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Your Child’s First Name
Your Child’s Age
Do You Have a Website / Blog?
What is Your Website
Does Your Child Have Siblings?
Yes. Coldon is a triplet and his siblings are Ella and Greyson.
Did You Have a Prenatal or Postnatal Down Syndrome Diagnosis?
We received a Postnatal Diagnosis. This was an absolute surprise and the reason I emphasize it, because having a high risk triplet pregnancy, I was monitored much more closely than a single pregnancy. There were ultrasound anatomy scans every two weeks, heart monitoring each time and a greater push for genetics testing, which we did. I was also on hospital bedrest for 40 days and was monitored daily for heart beast and had weekly ultrasounds. Not once in all the extra monitoring did they capture any signs of Down Syndrome. Coldon was just as active as Ella and Greyson and in the last ultrasound before delivery, my doctor commented how “perfect,” baby A’s (Coldon) aortic arch was.
How Was The Experience Surrounding Your Child’s Delivery?
Our delivery was incredible and a blur. There were over 30 people in the operating room, as I had to have a C-section because of triplets. Among these people were of course my doctor and nurses, but the head neonatologist and three teams from the NICU. I was scheduled to deliver on February 2nd, but delivered on January 29th because baby A’s (Coldon) water broke.
I vividly remember the Neonatologist coming to my side as my doctor was completing my procedure and asking my husband and I if we had been informed of the possibility of baby A having Trisomy 21. I was still on the operating table, under a tremendous amount of medication; I had no idea what he was talking about. I’m sure I looked at him like he had six heads. I didn’t know what Trisomy 21 was. He went on the explain Trisomy 21 was Down syndrome and they suspected baby A may have it as he had some soft indicators; the gap between his toes and the single crease on his hands. The information didn’t resonate with me until well after the delivery was complete. There was so much going on and all I was able to focus on was the fact I had three babies in the NICU and how I was able to breathe again.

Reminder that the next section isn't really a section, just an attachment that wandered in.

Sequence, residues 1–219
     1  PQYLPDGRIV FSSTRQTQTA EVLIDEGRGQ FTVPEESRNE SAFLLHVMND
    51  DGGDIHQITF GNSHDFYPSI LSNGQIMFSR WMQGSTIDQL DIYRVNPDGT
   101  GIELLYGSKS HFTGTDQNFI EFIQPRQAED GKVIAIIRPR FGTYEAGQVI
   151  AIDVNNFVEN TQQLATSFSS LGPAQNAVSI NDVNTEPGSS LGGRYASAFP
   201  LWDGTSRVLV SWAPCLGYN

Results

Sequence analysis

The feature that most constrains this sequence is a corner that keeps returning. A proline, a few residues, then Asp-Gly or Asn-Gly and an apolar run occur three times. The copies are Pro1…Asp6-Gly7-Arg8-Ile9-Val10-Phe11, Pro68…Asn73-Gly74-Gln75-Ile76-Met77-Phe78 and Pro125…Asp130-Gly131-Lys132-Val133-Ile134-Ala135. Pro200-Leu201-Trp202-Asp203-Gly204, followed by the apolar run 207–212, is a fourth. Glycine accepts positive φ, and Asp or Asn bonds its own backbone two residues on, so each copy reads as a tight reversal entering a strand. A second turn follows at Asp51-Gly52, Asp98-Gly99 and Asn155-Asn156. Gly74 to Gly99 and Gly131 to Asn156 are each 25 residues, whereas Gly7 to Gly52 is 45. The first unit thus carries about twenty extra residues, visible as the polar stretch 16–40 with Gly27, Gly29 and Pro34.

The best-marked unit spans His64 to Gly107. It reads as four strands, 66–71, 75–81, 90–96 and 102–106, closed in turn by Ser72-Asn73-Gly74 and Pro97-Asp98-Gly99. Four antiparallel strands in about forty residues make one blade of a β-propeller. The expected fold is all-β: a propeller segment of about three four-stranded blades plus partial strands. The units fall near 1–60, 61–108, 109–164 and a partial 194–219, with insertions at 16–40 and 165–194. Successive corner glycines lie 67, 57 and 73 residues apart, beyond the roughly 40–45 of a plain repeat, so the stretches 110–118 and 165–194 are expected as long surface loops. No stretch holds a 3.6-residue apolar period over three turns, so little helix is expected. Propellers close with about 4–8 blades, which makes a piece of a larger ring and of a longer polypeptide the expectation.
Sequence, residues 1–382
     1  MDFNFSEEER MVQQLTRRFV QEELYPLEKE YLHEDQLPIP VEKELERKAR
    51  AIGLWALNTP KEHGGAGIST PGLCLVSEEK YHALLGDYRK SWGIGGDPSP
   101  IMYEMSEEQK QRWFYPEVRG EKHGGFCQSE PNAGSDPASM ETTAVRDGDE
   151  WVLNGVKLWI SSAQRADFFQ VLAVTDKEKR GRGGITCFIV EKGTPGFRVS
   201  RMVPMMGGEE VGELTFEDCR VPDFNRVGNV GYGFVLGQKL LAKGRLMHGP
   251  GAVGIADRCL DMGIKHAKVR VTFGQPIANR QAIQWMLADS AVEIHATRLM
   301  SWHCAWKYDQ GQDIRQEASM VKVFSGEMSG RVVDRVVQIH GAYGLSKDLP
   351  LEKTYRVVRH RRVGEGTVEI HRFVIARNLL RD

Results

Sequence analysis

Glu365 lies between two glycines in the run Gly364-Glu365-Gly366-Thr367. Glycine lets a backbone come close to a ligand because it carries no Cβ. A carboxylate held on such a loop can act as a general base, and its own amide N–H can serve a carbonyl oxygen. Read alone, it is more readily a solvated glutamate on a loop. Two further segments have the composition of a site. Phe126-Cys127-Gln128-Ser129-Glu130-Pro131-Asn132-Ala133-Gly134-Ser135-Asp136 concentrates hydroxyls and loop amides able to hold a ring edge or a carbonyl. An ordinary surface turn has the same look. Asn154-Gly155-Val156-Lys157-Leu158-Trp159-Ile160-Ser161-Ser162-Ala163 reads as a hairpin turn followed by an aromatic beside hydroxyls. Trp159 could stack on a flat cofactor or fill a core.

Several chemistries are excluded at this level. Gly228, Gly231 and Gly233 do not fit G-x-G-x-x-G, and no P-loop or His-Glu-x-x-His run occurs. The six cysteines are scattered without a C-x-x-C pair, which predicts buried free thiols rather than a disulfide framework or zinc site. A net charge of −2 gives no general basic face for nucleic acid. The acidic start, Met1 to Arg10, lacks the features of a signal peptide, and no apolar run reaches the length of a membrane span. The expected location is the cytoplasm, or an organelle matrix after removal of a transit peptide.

What Was It Like Bringing Home a Child with Down syndrome?
Bringing Coldon home was surreal and celebrated. He spent 49 days in the NICU, because he struggled with feeding from a bottle. However, once we brought him home the reality of having three newborn babies and one who had feeding difficulties sank in and this was the first time I felt like I was the only person in the world experiencing this. His diagnosis didn’t cross my mind then. It wasn’t Down syndrome; it was the feeding difficulty and taking longer than an hour to take a bottle when I had to feed two more as well. Overwhelmed, doesn’t begin to describe how I felt. I was scared to death this feeling and our circumstances were never going to change or get better.
What Has Development Been Like For Your Child?
Coldon has done really well with development for the most part. He eventually had to have a G-tube placed and the tube has hindered his ability to spend time on his tummy and learn to crawl. However, having his brother and sister, Ella and Greyson with him everyday has pushed him to push himself. I attribute his progress developmentally to his siblings. When he watches them doing something, he wants to do it.
Coldon was sitting up assisted at six months old. Many of his doctors couldn’t believe he could hold himself up so well, so early. He was able to sit up unassisted at 10 months. He is now army crawling and is becoming mobile at 11-12 months. The hospital we delivered at asked if they could perform a Bailey assessment, to determine their development, on Coldon and Ella as they were both receiving Early Intervention therapies. The psychologist informed us his cognitive ability score was a 90 and that typical children his age average 100. Coldon has been the most aware and inquisitive of the three.